The safety of the Citroën Ami has been called into question after videos of one rolling over and crashing in Monaco went viral over the weekend. Particular concern was raised due to the fact that the tiny French electric vehicle was designed as an affordable way into motoring for teenage drivers.
A series of social media videos show a French-registered example of the Ami being driven at speed around the famous Grand Hotel hairpin in Monte Carlo that forms part of the Monaco Grand Prix race circuit.
One video shows the Ami leaning over precariously while it is driven up the steep hill. Another shows the return downhill journey, where the vehicle appears to be carrying increased speed. The Ami tips over onto its side and slides along the road briefly before coming to an abrupt halt by hitting solid bollards on the outside of the corner. Onlookers, who were filming the event, rush to help those inside the car.
Neither the driver nor the passenger were hurt in the incident.
What is the Citroën Ami?
The crash in Monaco is all the more surprising given the low performance of the Ami. It’s a tiny two-seater measuring 2.41m long by 1.39m wide, designed to bring mobility to the masses with a no frills approach to performance, technology and comfort. With a roof and doors it does offer weather protection and comes with a heater, thought it isn’t a quick car at all.
Designed for urban use, it’s powered by a 6kW electric motor, which sends up to 8bhp to the front wheels. The top speed is limited to just 28mph, though road testers in the UK have seen an indicated 31mph on downhill stretches.
The Ami features a small, lightweight lithium-ion battery pack with a 5.5kWh energy capacity. Theoretically that allows a range of up to 47 miles at low speeds, and it can be charged up in about three hours from a suitable three-pin household plug socket.
It’s a quadricycle, not a car
The Citroën Ami was designed to fit into the voiture sans permis (VSP – ‘car without licence’) vehicle category in France and other European countries. The classification name is misleading as only those born before the last day of 1987 can drive these vehicles without any licence in France.
Nonetheless, the Ami was designed with teenagers in mind, as those as young as 14 can drive it on the road so long as they go through a defined level of driver training and obtain what is effectively the same as a provisional driving licence in the UK. In France and other countries where these rules apply, insurance is mandatory, but it is inexpensive.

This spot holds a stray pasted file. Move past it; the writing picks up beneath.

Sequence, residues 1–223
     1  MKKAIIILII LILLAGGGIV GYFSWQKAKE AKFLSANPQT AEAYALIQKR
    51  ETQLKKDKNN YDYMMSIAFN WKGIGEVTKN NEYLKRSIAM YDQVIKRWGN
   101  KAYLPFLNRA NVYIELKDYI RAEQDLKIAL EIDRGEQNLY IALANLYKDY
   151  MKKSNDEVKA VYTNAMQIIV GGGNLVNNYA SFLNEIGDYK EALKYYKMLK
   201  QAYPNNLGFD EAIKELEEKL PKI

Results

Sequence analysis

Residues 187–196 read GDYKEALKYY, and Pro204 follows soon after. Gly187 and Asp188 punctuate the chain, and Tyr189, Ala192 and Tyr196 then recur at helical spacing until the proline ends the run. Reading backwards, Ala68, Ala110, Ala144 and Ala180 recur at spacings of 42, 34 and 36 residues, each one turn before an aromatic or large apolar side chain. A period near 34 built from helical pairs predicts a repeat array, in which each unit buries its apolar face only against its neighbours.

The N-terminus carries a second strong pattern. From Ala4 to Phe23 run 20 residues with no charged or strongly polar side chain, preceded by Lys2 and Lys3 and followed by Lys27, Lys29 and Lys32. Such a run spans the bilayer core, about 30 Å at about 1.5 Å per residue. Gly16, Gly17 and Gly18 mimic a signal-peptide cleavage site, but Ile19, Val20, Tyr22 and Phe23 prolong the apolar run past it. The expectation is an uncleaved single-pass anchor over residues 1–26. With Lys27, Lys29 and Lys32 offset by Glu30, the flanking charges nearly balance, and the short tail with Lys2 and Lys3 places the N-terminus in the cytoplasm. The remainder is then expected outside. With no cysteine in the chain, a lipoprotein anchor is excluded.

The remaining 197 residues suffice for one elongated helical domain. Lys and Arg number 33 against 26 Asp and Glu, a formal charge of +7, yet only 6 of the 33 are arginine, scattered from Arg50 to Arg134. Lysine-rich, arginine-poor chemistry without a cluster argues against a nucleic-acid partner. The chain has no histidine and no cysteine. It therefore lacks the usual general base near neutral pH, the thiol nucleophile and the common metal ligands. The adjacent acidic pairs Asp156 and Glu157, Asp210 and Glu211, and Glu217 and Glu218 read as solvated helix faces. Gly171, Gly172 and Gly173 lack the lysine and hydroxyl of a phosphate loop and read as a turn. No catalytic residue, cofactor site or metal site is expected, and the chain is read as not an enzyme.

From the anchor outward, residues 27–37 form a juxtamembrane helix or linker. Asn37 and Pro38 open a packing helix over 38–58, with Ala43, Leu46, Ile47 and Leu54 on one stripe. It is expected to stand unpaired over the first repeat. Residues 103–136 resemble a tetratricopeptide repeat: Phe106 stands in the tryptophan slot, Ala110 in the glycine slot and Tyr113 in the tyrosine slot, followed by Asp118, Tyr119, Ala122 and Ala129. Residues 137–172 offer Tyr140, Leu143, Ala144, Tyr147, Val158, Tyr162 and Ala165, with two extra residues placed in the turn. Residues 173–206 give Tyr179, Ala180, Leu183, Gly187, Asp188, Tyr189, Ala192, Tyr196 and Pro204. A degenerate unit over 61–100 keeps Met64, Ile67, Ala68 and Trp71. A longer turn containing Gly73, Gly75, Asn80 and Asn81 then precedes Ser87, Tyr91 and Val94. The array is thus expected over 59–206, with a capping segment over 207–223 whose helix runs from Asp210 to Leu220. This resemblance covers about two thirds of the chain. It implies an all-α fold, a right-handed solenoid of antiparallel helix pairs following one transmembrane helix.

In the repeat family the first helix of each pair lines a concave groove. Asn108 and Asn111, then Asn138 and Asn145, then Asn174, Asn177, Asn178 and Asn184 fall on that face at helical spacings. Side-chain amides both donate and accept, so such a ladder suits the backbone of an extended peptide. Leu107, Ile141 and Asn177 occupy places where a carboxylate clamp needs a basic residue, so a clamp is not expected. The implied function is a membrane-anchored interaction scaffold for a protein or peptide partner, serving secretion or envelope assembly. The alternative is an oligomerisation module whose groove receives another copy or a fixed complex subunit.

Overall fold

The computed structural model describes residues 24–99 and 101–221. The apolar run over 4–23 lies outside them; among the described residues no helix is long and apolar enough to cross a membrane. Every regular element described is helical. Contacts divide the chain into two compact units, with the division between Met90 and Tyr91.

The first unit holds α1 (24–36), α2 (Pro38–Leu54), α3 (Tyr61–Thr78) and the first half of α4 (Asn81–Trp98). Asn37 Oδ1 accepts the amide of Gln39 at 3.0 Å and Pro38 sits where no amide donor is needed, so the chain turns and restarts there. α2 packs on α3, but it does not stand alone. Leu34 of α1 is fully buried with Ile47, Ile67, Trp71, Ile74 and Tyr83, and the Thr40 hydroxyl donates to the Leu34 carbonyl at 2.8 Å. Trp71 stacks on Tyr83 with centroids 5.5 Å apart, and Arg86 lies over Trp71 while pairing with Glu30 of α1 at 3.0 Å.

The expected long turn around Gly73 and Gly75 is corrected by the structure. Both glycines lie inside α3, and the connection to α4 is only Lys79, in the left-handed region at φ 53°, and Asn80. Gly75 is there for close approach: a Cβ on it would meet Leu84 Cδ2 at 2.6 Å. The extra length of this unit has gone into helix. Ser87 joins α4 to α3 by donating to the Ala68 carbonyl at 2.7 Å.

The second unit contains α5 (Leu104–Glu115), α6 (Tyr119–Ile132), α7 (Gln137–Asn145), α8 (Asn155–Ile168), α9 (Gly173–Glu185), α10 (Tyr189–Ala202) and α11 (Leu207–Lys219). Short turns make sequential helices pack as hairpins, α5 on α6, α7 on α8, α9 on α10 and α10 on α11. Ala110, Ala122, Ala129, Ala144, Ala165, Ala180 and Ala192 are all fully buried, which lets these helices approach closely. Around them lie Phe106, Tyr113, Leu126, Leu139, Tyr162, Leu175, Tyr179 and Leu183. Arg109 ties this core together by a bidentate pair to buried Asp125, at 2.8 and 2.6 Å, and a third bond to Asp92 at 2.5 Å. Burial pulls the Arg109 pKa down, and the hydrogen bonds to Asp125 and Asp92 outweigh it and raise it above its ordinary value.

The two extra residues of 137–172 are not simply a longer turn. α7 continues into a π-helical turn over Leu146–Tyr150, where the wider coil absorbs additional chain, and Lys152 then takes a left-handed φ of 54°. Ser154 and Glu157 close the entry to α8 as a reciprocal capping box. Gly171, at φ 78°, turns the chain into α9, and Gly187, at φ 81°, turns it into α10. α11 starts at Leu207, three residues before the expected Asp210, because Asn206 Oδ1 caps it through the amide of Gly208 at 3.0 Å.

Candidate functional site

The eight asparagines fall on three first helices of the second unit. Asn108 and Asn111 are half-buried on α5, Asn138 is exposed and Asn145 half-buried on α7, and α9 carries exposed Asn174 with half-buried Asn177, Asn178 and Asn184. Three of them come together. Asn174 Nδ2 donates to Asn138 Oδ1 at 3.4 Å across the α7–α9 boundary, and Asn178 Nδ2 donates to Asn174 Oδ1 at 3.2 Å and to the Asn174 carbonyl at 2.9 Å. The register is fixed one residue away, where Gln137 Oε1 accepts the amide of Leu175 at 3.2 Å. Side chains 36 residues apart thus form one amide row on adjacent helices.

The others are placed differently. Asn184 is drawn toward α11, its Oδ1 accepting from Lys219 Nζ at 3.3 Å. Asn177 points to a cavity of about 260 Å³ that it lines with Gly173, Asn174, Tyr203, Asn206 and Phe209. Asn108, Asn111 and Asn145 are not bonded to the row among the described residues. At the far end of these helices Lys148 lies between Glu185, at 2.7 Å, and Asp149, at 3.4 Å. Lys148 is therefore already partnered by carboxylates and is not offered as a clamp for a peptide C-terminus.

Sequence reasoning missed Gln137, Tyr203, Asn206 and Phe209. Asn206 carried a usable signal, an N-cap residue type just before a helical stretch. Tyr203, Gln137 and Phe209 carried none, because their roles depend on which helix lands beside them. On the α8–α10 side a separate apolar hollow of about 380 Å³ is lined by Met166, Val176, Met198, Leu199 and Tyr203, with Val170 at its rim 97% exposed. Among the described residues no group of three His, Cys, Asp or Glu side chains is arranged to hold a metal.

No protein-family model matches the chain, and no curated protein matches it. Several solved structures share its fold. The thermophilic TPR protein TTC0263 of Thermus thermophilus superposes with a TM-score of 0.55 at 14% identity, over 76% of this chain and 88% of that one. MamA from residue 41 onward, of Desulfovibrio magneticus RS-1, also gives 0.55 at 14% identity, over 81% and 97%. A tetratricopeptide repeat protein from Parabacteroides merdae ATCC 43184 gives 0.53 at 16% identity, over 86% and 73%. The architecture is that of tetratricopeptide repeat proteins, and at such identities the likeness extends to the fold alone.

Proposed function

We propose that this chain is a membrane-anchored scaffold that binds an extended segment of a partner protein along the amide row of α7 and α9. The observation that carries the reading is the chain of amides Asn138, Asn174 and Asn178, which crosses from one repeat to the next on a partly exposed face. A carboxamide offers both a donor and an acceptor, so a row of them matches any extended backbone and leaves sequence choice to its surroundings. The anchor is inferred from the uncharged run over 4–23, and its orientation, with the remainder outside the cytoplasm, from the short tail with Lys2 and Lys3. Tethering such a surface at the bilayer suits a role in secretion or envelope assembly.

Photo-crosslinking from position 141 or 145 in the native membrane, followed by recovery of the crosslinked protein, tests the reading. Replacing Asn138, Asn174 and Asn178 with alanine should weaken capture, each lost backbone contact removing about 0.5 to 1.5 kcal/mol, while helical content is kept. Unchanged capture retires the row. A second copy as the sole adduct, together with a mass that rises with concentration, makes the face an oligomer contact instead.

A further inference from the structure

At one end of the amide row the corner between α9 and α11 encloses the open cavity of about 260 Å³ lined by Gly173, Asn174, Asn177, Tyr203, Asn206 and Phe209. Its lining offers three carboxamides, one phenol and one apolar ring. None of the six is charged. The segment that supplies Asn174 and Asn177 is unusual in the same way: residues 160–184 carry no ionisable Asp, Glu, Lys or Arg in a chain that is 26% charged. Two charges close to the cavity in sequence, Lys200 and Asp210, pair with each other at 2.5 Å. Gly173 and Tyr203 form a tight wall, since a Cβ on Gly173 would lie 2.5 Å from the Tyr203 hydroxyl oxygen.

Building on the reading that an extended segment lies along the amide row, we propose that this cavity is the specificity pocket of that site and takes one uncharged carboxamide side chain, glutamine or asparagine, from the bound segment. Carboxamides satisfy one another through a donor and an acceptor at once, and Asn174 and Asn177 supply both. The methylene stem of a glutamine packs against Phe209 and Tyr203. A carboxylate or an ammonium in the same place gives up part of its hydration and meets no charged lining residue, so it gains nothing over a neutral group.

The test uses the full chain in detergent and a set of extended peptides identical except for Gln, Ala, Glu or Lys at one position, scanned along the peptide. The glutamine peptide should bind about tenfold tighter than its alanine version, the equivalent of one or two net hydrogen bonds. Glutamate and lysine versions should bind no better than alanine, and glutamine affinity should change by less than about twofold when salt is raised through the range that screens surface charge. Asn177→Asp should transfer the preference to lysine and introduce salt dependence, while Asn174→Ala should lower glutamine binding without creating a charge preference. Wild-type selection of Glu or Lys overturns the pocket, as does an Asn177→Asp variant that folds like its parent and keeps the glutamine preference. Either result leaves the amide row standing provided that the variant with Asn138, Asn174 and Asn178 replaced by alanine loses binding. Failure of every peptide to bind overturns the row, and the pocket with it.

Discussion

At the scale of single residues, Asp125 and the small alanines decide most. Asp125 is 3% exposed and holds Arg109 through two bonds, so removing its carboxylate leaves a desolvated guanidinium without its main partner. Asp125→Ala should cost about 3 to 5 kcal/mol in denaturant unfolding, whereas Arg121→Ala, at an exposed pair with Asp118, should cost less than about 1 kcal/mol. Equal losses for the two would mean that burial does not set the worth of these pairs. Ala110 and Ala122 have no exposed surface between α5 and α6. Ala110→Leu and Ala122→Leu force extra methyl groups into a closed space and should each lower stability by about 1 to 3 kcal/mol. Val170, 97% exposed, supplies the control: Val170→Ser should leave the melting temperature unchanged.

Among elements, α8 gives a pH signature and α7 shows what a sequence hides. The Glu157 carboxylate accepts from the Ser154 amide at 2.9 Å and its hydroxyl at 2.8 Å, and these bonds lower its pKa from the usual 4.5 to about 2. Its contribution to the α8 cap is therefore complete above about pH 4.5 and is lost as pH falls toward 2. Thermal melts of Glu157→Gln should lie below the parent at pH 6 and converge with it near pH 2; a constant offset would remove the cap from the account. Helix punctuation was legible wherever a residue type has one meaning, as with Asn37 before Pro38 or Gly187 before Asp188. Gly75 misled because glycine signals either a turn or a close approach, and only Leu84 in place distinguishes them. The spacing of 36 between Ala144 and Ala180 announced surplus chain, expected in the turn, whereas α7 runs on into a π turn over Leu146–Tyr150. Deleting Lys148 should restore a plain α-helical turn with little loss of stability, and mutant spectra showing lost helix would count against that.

The same vehicle classification does not exist in the UK, so the Ami falls under quadricycle rules. Citroën UK states that the Ami is considered a light quadricycle by the DVLA and that to drive an Ami legally in the UK, a rider needs either an AM moped licence or a full category B licence. That means people as young as 16 could legally drive the Ami.
Is the Citroën Ami sold in the UK?
Although Citroën didn’t originally intend to offer the Ami for sale in the UK, it bowed to public and media pressure and now sells it in four different two-seat specifications and a single “Cargo” guise. Prices start at £7,695 on the road for the entry-level two-seater, or from under £100 per month on finance.
The Ami Cargo, targeted at urban businesses, is priced at £7,995 and features additional storage space in lieu of a passenger seat, plus a cover for the same.
It should be noted that all examples of the Ami have the steering wheel on the left and a very basic specification.
All quadricycles such as the Ami that are designed for use on the road must meet legal standards and drivers must ensure they are properly registered, taxed and insured before use. By law they are not allowed on pavements or motorways, and any roads with a speed limit above 30mph are not recommended for the Ami.
How safe is the Citroën Ami?
Quadricycles are not subject to the same crash test procedures as normal cars. In fact, quadricycles do not have to be crash tested at all before they are sold to the public.
The Euro NCAP safety body has crash-tested a selection of quadricycles in the past, but urges users of its data to only use it to compare quadricycles with other vehicles of the same type. It clearly suggests that quadricycles offer less protection to their occupants than regular cars do: “It is expected that they would all perform very poorly when tested using Euro NCAP’s regular procedures for passenger cars.”
Euro NCAP points out that very few quadricycles feature airbags or driver assistance technology to prevent a crash from happening in the first place. The Citroën Ami is one sold without airbags and has not been tested by Euro NCAP.
However Citroën has always said the Ami should not be compared with cars in terms of safety, rather it should be seen as a better-protected alternative to a motorised scooter, moped, e-bike or e-scooter.
When asked about the rollover in Monaco, Citroën UK told Driving.co.uk:
“A video of a driver getting their Citroën Ami to overturn through a hairpin bend in Monaco has spread across social media. We are relieved to know that the driver and passenger did not suffer any bodily harm and that they are safe and sound.
“Citroën Ami has been designed as an alternative to walking, cycling, using the bus, or riding a scooter or e-bike – it’s not a car. Drivers should always act responsibly, respecting the physical capabilities of Ami and the rules of the road.
“Citroën Ami has not been engineered to be driven aggressively or raced. This accident occurred on a famous hairpin bend that forms part of the F1 circuit, known to be challenging even for experienced race drivers.”
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